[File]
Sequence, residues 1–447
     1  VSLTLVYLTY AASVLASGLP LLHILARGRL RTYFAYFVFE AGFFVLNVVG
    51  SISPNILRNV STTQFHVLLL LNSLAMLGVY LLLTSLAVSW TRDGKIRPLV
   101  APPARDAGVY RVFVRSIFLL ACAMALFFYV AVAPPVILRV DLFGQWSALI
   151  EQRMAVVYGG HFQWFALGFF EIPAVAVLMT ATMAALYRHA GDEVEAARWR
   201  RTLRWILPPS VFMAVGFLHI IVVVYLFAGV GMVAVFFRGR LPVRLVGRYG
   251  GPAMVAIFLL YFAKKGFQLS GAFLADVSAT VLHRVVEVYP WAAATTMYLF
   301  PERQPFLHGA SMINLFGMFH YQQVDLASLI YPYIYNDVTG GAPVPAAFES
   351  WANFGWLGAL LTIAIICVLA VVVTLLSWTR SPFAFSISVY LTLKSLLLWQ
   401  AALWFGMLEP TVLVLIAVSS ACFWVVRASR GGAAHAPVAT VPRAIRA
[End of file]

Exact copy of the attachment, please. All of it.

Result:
Sequence, residues 1–447
     1  VSLTLVYLTY AASVLASGLP LLHILARGRL RTYFAYFVFE AGFFVLNVVG
    51  SISPNILRNV STTQFHVLLL LNSLAMLGVY LLLTSLAVSW TRDGKIRPLV
   101  APPARDAGVY RVFVRSIFLL ACAMALFFYV AVAPPVILRV DLFGQWSALI
   151  EQRMAVVYGG HFQWFALGFF EIPAVAVLMT ATMAALYRHA GDEVEAARWR
   201  RTLRWILPPS VFMAVGFLHI IVVVYLFAGV GMVAVFFRGR LPVRLVGRYG
   251  GPAMVAIFLL YFAKKGFQLS GAFLADVSAT VLHRVVEVYP WAAATTMYLF
   301  PERQPFLHGA SMINLFGMFH YQQVDLASLI YPYIYNDVTG GAPVPAAFES
   351  WANFGWLGAL LTIAIICVLA VVVTLLSWTR SPFAFSISVY LTLKSLLLWQ
   401  AALWFGMLEP TVLVLIAVSS ACFWVVRASR GGAAHAPVAT VPRAIRA